I located a quite wonderful little hidden valley rich enough with blooming flowers and shrubs, and delighted chirping birds that I spent that afternoon and next morning there instead of the Cottonwood Wash area. Well I wasn't on a schedule after all and could spend a week to two weeks in the desert as I wished. It was a quite pleasant unexpected diversion and such occasionally happens during my backroad wanderings. Arizona lupines growing on the wash flats and up slopes between the dominant creosote with ocotillo and barrel cactus amidst rocky hills. In wash channels were the green naked branches of palo verde, yellow flowers of desert senna, tiny blue flowers of indigo bush , fragrant desert lavender bushes, and many more perenial shrubs I couldn't identify. With the lupine were modest numbers of Mojave suncups, Mexican poppies, chia, brown-eyed primrose, sand blazing star, desert stars, desert dandelion, blue dicks, bottlebrush, brittlebush, purple mat, Fremont pincushion, miner's lettuce, brandegea, golden girls, cryptantha, three species of phacelia, and here and there desert fivespot, chicory, globemallow, and prince's plumes, plus many less conspicuous species. A fine place for me to do some close-up work for a day without walking far, worrying about securing my gear from anyone driving by, or hobbled by lugging about my large format gear. Further the more convoluted topography of the small hills and arroyos would tend to reduce effects of any breezes that rose in the afternoon. Beneath a shady palo verde tree, I parked, set up a pleasant camp, and then took a bottle shower in the warm 80 degree afternoon desert air. After cooking and eating a can of spaghetti and meatballs for lunch, it was siesta time dreaming away under the shaded branches lying atop my soft sleeping bag pile a couple hours.
Later about 3pm I picked up my view camera and ranged about the area sizing up images while going to work on any close-up subjects I noticed. During that afternoon I exposed a couple more sheets of film while adding a number of close-ups to my digital memory chip. At sunset into dusk I explored about a half mile from camp looking for ways to put ocotillo up against the colorful dusk clouds and skies. With another long day of hiking behind me in a pleasant isolated location, supper then cooked and eaten, I didn't dally that evening with much reading.
Friday February 29 morning in the Orocopia
I dedicated Friday morning February 29 for more work about my Orocopia Mountain area. Thus spent the whole morning with light intermittent breezes capturing subjects in that area. Early in the morning I was again plagued by jet contrails everywhere in the sky including this image near my camp towards the Eagle Mountains to the north that I shot anyway in order to provide a pleasant personal record of a really nice location, 08-A-12.jpg Over the next few hours I exposed another four sheets of film on lupine expanses though none really turned out too impressive. Similar to past experiences shooting front lit landscapes of either blue or purple flowers. By themselves without other colorful species to contrast with, they are often difficult dim subjects. For the most part my morning was consumed taking close-up images with my Coolpix and I managed several fine shots including ones of blooming ocotillo and Arizona lupine.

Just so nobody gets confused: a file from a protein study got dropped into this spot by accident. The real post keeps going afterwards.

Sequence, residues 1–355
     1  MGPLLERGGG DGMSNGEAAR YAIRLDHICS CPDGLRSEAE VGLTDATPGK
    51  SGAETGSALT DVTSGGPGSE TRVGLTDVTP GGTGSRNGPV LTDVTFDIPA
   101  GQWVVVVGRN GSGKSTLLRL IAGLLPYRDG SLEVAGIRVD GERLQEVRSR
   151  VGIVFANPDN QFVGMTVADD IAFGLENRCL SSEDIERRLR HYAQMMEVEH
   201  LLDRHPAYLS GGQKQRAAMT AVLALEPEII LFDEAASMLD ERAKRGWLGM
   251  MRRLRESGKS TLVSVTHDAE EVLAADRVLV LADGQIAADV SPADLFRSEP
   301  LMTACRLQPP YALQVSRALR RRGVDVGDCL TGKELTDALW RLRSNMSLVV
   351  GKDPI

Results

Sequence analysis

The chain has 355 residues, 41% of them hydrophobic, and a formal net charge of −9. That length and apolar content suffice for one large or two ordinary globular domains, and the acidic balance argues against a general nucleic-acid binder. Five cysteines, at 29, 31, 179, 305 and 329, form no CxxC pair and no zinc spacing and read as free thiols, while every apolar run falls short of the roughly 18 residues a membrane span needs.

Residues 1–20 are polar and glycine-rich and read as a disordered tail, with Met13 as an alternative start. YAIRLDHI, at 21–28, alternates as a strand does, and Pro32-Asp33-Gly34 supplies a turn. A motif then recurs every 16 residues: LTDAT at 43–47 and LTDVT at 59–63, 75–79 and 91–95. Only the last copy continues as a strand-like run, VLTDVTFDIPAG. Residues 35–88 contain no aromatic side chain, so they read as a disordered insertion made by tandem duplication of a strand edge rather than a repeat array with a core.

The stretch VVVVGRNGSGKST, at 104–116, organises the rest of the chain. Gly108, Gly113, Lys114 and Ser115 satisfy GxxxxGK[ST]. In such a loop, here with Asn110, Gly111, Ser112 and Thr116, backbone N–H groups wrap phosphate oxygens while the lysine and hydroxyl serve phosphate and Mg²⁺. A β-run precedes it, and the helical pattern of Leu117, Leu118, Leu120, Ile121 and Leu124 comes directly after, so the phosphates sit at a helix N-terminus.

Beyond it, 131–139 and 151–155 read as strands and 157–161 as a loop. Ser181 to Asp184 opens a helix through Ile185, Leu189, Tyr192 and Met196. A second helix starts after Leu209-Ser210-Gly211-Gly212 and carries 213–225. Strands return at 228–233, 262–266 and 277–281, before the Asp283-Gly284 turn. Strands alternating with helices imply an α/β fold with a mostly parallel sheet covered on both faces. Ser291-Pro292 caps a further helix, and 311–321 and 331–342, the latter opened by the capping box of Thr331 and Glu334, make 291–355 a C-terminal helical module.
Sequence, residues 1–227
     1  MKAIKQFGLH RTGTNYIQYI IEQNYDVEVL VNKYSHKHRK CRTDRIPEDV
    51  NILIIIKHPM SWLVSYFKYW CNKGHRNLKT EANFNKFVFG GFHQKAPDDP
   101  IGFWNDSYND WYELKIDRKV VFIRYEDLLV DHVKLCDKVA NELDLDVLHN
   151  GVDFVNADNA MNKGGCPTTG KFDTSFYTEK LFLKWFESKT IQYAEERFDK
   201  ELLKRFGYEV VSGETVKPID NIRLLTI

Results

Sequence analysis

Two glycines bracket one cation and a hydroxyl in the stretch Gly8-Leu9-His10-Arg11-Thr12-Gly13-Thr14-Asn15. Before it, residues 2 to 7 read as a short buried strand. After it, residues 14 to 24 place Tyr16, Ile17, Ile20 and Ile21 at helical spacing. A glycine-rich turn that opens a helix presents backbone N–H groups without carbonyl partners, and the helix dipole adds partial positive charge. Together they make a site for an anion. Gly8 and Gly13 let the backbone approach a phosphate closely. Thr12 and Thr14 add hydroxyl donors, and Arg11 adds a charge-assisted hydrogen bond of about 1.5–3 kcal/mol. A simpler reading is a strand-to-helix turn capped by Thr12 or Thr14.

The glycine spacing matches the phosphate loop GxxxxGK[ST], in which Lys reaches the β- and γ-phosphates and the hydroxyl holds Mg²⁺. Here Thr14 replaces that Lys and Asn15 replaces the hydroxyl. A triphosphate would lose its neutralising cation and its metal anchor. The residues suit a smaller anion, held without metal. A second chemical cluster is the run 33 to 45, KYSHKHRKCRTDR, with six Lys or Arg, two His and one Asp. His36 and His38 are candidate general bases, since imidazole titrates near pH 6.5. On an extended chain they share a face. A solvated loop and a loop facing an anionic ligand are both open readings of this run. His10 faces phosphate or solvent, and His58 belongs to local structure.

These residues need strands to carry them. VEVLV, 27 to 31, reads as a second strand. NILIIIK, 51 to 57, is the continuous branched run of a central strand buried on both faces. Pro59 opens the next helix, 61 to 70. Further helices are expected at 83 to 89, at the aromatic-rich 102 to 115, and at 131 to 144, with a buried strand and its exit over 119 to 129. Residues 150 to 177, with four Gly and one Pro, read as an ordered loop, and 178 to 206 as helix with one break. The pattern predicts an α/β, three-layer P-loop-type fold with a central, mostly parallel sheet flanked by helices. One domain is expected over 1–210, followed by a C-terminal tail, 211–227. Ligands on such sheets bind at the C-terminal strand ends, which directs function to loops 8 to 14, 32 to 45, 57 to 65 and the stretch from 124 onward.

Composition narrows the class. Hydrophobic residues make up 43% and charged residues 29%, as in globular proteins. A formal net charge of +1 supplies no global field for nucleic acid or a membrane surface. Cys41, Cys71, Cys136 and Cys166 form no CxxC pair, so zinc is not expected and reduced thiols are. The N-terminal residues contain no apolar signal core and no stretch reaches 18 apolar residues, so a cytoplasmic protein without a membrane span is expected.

Joshua Tree National Park
At midday, I packed up and drove back east to the Chiriaco Summit shops where I joined the vanilla ice cream line, topped off my gas tank, and filled up my large water carrier from a hose conveniently beside the building. Back west and then north into Joshua Tree National Park, I began assessing the Cottonwood Wash areas. Immediately I noticed wildflowers were nearly as dense as what I'd seen in 2005. Unfortunately in 2005, I was about 2 weeks beyond peak displays due to a choice to focus on the more rare blooms in Death Valley, so barely bothered to work the area and had only a vague feel for its terrain. After a couple short walks in the near road areas, it was obvious there were quite a few prominent species about that were far more abundant than what I'd seen across the valley in the Orocopia's and some like chuparosa and canterbury bells that I had not seen at all. Primarily the roadside difference was the incredible density of wildflowers all piled atop each other much like one sees at Carrizo Plain.
photography strategies on the bajada
One of the main issues photographing the main Cottonwood Wash bench areas beside each wash is there are few ocotillo, palo verde, or other trees to provide structure to a composition. Thus one tends to be limited to shots of mottled patterns of flower color with a minor percentage of frame height for distant mountains plus sky. To remedy that, I hoped to instead explore the upper wash areas beyond the canyon entrance or the areas west along the front of the Cottonwood Mountains. Many flowers subjects work best when captured off axis or backlit from the sun. Direct front lighting for wide landscapes is rarely effective and early and late warm front lighting is often mediocre too, although many photographers seem to work such shots as though the results are automatically appealing. However the result to this person is often simply boring orange and reddish hued flowers without a natural mix of flower colors or distinction or beautiful leaf and stem natural greens. Now if the subject flowers are themselves red, orange, or magenta then one might build on enhancing that natural color. And also some white flowers work well reflecting dawn/dusk sky light, improving otherwise dim lower landscapes. For perpendicular off axis situations, mid morning or mid afternoon often brings out the best mix of color and saturation. The sun needs to rise up enough to provide a more intense combination of reflected light and glowing light that comes from inside translucent flower color parts. A similar situation exists during the fall when shooting colorful leaves. Early and late light at any orientation is often pathetic san later post processing manipulation, compared to mid mornings or mid afternoons. With some flowers like lupines more backlit angles cause a better glow that I was interested in capturing here.
Spring 2008 Wildflower Trip Chronicles...page 3